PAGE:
Scarlett sighed. She had a number of friends who worked in the Cleveland restaurant scene, so she had a great deal of sympathy for the locavore movement. "You think the cow might have been…abducted?"

Ben laughed. "Hey, it's a possibility. Or maybe whoever did this ran her off."

Scarlett took a sip of the bourbon that had become her nightly companion. "I'm still not sure there's anything there for me to see."

"It would mean a lot to my old man. He's a big fan of your blog."

Scarlett sighed again. She felt like she was sighing at everything lately. "Well, hold on a second," she said as she googled the Brown Family Farm and pulled up their website. On the front page was a picture of an older man with gray hair and a potbelly; and a chiseled, brown-eyed, and very attractive younger man. The labels identified them as Jim and Ben, father and son.

"Well, hello, farmer Brown," she thought to herself.

"It would do you good to get out of the house," her brain reminded her.

She checked the address – 15351 Kinsman Rd. It was about a half hour drive into one of the more rural areas of Greater Cleveland. She stared at the picture of the younger farmer. "He has a nice smile," she thought.

"Are you still there?" said the voice on the phone.

"Oh! Yes," sorry, Scarlett felt her cheeks get warm. "You know what? Maybe I will check it out, if you don't mind me spinning it into an article about how to debunk crop circles."


"There it is," said Ben, pointing to an overlapping set of blackened circles that had been burned into the green grass of the pasture. Each circle looked to be twenty feet in diameter, and they overlapped so that the center of each fell on the circumference of the other.

"Huh," Scarlett said, "It's a vesica piscis."

"Sorry?" replied Ben.

"It literally means 'bladder of a fish.' Beyond just being a cool kind of shape, it's important in several mystic traditions." She frowned. This was not what she had expected at all.

"Ok. Like mystic UFOs?"

"Not exactly," Scarlett pointed to the almond-shaped section where the circles overlapped. "That part there is called a mandorla. It's a shape that you'll find a lot in illuminated manuscripts, plus it factors into Freemasonry and other organizations."

She could feel a headache coming on – they'd been frequent ever since the assault – but she tried to block out the pain. She bent down to look at the circles, and found that the grass was carbonized. She sniffed the air and caught the faint smell of gasoline. "Figures," she thought.

She stood back up, carefully stepped over the charred grass, and walked toward the center of the left circle, peering intently at the ground as she went. "There it is," she thought, and then bent to look at where the outline of the right circle crossed the center of the left. Sure enough, there was a hole about an inch in diameter. She stuck her fingers in it and felt the sides – smooth and tapered to a point about four inches deep.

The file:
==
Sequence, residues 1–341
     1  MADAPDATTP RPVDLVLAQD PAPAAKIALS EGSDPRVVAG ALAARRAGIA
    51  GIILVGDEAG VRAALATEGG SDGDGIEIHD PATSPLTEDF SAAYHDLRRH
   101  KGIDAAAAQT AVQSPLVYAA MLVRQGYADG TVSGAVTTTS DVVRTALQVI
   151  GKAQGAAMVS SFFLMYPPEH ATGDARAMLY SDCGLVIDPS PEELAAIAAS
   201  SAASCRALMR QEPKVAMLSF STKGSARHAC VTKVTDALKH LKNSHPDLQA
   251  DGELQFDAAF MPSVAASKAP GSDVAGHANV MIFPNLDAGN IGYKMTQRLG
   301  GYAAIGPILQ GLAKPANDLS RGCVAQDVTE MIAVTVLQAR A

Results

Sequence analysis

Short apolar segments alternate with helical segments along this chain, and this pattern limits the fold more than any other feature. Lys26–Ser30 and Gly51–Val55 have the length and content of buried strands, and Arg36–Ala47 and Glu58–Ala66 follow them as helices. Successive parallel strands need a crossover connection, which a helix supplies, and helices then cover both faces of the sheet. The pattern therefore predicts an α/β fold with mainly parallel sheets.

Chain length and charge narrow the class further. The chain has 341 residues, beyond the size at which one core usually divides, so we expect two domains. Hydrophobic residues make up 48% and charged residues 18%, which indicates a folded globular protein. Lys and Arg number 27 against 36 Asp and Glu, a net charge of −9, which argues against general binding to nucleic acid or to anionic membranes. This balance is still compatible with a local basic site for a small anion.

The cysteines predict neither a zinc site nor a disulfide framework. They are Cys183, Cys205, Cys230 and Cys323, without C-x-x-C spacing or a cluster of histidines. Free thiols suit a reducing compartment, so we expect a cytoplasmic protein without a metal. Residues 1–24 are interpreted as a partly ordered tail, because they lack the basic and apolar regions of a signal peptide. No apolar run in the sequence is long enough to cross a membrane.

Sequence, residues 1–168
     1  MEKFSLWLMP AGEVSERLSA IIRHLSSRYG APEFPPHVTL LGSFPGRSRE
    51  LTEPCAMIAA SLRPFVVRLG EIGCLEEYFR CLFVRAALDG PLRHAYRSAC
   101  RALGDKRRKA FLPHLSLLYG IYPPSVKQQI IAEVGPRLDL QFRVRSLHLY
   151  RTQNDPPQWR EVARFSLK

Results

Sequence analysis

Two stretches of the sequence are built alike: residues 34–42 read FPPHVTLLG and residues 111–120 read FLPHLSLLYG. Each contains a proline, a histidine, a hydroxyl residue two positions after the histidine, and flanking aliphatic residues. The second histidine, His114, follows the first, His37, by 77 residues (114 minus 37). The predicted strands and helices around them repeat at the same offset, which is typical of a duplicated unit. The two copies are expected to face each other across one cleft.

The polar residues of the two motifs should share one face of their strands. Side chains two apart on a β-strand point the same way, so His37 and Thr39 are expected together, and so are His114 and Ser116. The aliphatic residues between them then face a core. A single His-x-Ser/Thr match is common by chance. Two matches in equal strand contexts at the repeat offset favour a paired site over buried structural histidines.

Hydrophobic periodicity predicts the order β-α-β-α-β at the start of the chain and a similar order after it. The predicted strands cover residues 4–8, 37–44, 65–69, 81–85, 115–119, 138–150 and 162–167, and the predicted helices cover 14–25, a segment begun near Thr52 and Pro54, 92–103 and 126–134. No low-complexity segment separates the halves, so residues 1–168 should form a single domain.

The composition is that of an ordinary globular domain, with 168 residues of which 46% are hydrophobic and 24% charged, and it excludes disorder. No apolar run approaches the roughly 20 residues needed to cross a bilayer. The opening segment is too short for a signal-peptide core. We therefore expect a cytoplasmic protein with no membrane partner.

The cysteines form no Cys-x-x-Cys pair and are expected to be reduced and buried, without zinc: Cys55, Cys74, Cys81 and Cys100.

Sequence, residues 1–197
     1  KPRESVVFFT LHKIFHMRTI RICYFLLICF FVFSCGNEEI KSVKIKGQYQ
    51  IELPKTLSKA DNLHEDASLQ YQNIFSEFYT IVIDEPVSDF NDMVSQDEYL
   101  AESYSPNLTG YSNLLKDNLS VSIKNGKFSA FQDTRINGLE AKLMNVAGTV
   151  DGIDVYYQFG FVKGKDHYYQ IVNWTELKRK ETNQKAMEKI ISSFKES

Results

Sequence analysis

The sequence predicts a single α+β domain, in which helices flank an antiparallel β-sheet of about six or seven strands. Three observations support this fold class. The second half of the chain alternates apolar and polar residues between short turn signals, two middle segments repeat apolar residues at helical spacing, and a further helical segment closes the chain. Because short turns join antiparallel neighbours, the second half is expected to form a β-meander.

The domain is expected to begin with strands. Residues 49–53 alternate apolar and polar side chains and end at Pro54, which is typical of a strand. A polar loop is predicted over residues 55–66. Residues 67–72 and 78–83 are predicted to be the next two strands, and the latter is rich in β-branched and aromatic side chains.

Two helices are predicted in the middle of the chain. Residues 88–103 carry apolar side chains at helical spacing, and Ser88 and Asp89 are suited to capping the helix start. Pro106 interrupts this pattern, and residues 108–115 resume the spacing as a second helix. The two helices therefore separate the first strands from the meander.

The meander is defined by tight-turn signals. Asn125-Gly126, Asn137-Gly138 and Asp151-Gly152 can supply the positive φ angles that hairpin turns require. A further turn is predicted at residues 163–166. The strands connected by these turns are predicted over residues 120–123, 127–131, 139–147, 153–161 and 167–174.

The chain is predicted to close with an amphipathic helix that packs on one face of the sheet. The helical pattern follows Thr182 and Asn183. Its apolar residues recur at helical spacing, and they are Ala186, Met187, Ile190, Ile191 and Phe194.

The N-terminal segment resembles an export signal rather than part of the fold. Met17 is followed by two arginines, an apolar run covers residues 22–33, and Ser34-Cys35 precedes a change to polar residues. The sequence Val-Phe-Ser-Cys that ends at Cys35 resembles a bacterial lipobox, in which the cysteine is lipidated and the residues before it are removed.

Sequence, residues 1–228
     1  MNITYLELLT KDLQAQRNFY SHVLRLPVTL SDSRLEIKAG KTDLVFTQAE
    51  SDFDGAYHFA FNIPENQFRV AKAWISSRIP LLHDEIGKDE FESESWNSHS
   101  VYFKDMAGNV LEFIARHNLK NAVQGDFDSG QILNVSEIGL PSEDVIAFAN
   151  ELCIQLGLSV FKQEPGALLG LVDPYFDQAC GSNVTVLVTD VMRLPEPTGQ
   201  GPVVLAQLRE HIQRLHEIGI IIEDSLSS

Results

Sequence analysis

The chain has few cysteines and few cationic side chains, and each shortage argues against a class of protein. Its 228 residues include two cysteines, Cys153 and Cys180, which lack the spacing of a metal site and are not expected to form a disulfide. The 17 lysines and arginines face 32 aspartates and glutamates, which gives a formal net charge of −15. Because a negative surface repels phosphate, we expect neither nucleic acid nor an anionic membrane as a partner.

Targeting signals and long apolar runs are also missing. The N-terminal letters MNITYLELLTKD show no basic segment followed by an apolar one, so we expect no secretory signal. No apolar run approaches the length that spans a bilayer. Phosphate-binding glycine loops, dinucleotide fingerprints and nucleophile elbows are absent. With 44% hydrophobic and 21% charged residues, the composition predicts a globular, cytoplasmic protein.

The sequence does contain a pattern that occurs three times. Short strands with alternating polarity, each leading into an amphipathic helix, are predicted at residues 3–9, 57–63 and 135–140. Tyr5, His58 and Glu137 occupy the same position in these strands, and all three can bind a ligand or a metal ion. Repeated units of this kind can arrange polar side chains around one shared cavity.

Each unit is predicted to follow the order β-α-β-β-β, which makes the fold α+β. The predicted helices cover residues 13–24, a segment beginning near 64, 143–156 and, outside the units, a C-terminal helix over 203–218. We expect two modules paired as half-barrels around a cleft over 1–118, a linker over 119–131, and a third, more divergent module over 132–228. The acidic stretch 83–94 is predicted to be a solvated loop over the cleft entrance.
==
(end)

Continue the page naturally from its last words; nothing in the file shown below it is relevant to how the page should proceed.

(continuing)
Scarlett stood up again and then headed to the very center of the set of circles. When she stepped into the mandorla, though, she immediately felt dizzy and disoriented.  She grabbed her head, closed her eyes, and waited a minute for the vertigo to pass.

After the sensation subsided, she opened her eyes, looked around and saw a cow standing immediately to her left. It looked as surprised to see her as she was to see it.

"Moo," it mooed. It blinked a few times and then began to walk toward her.

"Uh, oh," she thought. "Nice cow," she said as she held her hands to ward it away.

"Moo!" the cow exclaimed as it quickly closed the distance.

Scarlett screamed, turned, and ran – straight into the Ben. She caught herself with her hands as she collided with him, and ended up with her face buried in his chest.

"Huh," he said quietly.

"I found your cow," she said, her voice momentarily muffled.

"That's not the missing one, actually. Say, are you," he paused and smiled warily, "afraid of cows?"

Scarlett lifted her head, sighed and nodded slowly. "I had a bad experience when I was a kid. I don't like to talk about it."

"I see."

"Yeah," she stepped back, though she let her hands linger on his chest for a moment longer than was absolutely necessary. "So, um…"

The cow nudged her from behind. She froze.

Ben chuckled and stepped around her, and then led the cow away. "Be right back," he said. Scarlett breathed a sigh of relief and then rolled her eyes.

"He's totally into us," said her brain.

"He thinks I'm an idiot," she replied.

"Trust me, I'm better at noticing these things than you are."

"Oh, whatever."

Ben reappeared, and Scarlett smiled uncomfortably. "Sorry about that," he said quietly.

"Oh," she shook her head, "No, it's not your fault. People aren't usually afraid of cows."

"Anyway," he gestured to the circles. "What's your expert opinion?"

"Well," she began, "first thing – this is grass, not crops, so it's not technically a crop circle."

He nodded, "Makes sense."

"Second thing – the circles were burned into the ground – it looks like gasoline, probably, was poured and lit. Traditionally, crop circles are constructed by flattening the plants."


"Third thing – I can see the stake holes where someone anchored twine or string or rope in order to trace out the circles. I'm fairly certain that aliens would have slightly more advanced technology than stakes and string."

"I see."

"So, I'm going to conclude that this was constructed by the hand of man. Or men. Or women for that matter. But definitely human."

He frowned, "Why would someone burn a symbol like this into the middle of a cow pasture?"

Scarlett shrugged. "It might have been some high school kids attempting a pagan celebration of some sort."